As we want the growth of the game. We want to move in all districts of Rwanda and introduce cricket to them. We have started that, and so far there are some clubs from outside Kigali city too.

The women’s team is becoming a force to reckon with in your region, do you have a professional set up for the women’s team?

I do my best to contribute to my team. Not only that, but I also try to introduce the game to the girls who don’t have any idea about cricket and try to bring them into the game, currently, the women’s game does not have a professional setup.

Does Rwanda have a women’s league?

Yes, Rwanda has women’s league.

You are a legend in the women’s game in your own sense, being the world record holder of having a 26-hour net session, how did you end up doing that?

I had a good preparation by doing different practices like fitness, swimming, and I use to bat 8hours straight per day. I did anything which I thought it could help me at that time. 

We understand that you attempted and set the world record to raise funds to build your international cricket stadium, how did you feel after achieving this?

I felt so happy and proud. When I saw that I achieved what I wanted to, I felt like my dreams came true. Whenever I see our international cricket stadium I feel like it’s my second home.

Heather Knight especially came out to Rwanda to see you break the world record, did this motivate you?

When Heather Knight came to support me, this motivated me a lot, especially to see my Role model coming to support me. I take this opportunity to thank her again.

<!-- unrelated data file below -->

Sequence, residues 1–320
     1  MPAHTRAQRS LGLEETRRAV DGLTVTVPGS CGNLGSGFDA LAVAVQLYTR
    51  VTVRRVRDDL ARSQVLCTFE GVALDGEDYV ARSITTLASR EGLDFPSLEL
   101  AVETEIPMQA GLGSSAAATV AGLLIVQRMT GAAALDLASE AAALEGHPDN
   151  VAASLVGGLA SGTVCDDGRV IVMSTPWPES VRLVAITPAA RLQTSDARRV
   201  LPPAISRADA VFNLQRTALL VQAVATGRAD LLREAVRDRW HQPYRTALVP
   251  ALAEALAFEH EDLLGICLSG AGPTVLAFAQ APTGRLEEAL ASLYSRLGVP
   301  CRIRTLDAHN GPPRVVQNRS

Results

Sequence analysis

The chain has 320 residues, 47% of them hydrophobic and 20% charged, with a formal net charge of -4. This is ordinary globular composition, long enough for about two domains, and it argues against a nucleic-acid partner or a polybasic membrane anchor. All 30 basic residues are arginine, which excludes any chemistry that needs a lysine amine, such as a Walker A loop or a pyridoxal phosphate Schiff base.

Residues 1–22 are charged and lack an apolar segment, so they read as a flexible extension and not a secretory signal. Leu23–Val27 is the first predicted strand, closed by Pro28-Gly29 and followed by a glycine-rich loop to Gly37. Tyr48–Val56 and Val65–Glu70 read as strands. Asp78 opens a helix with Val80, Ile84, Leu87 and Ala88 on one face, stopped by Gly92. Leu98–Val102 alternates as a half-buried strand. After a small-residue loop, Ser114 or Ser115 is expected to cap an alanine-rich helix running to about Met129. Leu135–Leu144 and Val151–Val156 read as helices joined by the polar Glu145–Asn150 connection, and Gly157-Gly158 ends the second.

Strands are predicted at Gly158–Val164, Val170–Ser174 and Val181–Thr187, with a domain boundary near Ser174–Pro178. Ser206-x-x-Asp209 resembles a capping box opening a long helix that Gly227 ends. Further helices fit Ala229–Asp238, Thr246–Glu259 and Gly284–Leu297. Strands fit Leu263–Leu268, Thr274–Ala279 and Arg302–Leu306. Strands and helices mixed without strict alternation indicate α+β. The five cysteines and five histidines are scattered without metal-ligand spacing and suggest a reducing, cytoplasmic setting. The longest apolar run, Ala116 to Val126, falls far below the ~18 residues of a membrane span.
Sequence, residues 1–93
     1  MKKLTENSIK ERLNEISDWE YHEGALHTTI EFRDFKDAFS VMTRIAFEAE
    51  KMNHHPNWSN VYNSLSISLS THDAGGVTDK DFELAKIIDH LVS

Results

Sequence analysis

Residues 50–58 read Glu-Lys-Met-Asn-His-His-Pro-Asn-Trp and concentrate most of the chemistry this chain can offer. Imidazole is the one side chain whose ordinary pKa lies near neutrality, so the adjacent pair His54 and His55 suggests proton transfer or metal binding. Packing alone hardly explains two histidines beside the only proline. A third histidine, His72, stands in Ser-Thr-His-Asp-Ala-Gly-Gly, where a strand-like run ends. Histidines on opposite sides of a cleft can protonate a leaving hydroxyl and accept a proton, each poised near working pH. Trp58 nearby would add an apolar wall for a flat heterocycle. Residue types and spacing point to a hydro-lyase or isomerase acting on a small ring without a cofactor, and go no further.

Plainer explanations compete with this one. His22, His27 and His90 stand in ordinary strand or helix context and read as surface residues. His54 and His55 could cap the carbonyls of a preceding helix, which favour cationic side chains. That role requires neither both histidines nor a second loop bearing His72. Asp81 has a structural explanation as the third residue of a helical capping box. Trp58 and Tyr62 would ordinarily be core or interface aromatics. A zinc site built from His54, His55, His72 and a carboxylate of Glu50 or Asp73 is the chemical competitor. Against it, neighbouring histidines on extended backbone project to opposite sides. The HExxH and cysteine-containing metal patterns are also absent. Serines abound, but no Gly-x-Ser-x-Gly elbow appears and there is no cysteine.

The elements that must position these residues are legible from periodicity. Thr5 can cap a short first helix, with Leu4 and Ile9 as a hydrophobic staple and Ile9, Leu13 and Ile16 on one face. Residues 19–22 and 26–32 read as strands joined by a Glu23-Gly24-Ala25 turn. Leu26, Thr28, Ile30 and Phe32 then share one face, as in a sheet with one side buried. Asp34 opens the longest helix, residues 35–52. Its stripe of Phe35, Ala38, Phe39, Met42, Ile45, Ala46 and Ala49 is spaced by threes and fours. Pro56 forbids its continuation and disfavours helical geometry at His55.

Rwanda has been through a very horrible war in the mid-’90s, do you feel cricket is helping unite the country?

Cricket has capacity to unite people, stimulate confidence and teamwork. the cricket environment keeps you occupied, the jokes around the oval and the tight work in order to win games makes you get on well and keeps your mind away from thinking about what happened but rather move on. For the case of Rwanda, cricket has offered the distressed and traumatized a platform to heal and reconcile.

Where do you see Rwanda Cricket in the next 5 years?

In five year I see Rwanda on the international level, In both men’s and women’s cricket.

As a cricketer what is your greatest cricketing memory?

My greatest cricketing memory is when we represented country at the first time in world cup qualifiers in 2019.

If given a chance what player past or present would you love to play alongside with?

If I get a chance I would love to play alongside with my Role model Heather Knight.

How would you define success?

Success is both a goal and a journey. When we reach certain milestones, that is an element of success. But we don’t stop there. We push higher and harder, striving for more and to be better.

On her way to set the world record,as Heather Knight watches on